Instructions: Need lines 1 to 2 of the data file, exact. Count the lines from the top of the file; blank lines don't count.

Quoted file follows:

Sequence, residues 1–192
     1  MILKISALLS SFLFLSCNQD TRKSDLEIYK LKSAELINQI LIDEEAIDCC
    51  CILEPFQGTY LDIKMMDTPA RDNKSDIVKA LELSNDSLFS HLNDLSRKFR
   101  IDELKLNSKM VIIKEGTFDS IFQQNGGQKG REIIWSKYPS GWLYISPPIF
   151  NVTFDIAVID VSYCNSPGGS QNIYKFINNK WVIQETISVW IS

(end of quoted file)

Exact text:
Sequence, residues 1–192
     1  MILKISALLS SFLFLSCNQD TRKSDLEIYK LKSAELINQI LIDEEAIDCC